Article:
After several Provider Relief Reporting periods, the government is holding true to its word and ramping up audit and investigation activities.
More providers are beginning to receive civil investigative demands related to use of COVID-19 funding, and they call for the production of documents that include corporate organization descriptions, patient information, contracts, and communications with employees, staff and other physicians, Derek Staub of Frost Brown Todd wrote in a blog for Bloomberg Law Thursday
CIDS also include written interrogatories (written questions that must be responded to in writing under oath) that can number in the hundreds (of written interrogatories).”
The Department of Justice named a Covid fraud enforcement director in March. Staub said providers are now beginning to get CIDs either in the mail or in person, despite the fact that most PRF claims submitted to the Health Resources and Services Administration are legitimate, wrote Staub.
But the reporting requirements are complex and require a level of accounting some providers, especially smaller ones, might not be experienced in, other legal experts have said.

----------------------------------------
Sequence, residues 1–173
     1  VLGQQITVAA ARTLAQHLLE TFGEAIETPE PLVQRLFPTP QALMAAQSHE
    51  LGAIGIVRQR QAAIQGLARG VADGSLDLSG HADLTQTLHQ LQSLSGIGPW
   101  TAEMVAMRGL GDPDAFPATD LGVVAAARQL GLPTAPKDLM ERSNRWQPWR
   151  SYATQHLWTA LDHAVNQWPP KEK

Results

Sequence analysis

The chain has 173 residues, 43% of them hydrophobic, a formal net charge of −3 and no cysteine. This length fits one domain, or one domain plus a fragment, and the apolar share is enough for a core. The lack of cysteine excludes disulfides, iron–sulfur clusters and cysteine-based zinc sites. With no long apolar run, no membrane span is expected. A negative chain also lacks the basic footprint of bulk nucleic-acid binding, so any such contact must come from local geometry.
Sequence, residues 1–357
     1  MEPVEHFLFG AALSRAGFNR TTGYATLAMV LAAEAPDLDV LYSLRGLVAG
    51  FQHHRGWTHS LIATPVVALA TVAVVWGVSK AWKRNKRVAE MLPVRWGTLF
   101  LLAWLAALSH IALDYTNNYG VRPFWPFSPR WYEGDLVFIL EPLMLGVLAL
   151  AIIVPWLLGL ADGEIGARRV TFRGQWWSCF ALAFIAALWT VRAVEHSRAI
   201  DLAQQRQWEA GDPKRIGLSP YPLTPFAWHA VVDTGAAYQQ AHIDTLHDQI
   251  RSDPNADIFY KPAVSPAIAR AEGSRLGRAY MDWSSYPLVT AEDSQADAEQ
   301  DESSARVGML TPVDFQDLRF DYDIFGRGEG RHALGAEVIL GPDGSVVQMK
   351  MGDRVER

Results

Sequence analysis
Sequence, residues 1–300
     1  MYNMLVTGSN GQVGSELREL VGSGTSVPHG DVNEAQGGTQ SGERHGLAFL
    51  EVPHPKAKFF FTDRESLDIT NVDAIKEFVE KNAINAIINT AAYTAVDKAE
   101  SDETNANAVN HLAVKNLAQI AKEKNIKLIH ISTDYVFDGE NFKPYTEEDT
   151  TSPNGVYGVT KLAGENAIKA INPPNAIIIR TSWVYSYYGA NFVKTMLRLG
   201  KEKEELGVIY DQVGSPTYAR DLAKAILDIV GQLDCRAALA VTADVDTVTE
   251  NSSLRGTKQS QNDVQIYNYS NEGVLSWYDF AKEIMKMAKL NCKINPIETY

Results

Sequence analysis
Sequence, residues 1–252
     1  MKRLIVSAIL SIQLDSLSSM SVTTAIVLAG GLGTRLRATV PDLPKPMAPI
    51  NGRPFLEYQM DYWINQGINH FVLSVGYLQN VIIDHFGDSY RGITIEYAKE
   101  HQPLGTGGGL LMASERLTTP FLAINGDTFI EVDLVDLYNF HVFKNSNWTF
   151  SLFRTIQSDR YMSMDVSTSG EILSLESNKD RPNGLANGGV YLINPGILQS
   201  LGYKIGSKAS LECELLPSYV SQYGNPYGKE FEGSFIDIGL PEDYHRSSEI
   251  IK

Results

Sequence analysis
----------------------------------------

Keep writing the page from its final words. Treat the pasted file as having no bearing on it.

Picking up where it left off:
The DOJ is looking for submissions that may violate the False Claims Act or anti-kickback laws. If a provider gets an investigative demand, said Staub, it means the government thinks the provider may have documents of interest to an investigation.
An attorney is crucial to asking the DOJ for an extension on the deadline for delivery of massive amounts of information, as well as sorting privilege and liability of the information requested, and other tasks.
“Many questions and requests regarding CIDs are either irrelevant, overly broad, or protected under privilege,” wrote Staub.
Locating, organizing and reviewing the information requested should be followed by the provider and attorney searching for a common denominator in the documents. Staub said the government is looking for things like patient referrals, lack of patient records, lack of medical consent, and fictitious testing regarding HRSA billing.
Staub said such preparedness and attention to detail can not only provide a successful defense but can reveal overpayments that must be returned within 60 days.
“Now is the time to conduct internal audits, follow up on internal complaints, revamp your compliance program, ask questions of your attorney, and above all, document,” wrote Staub.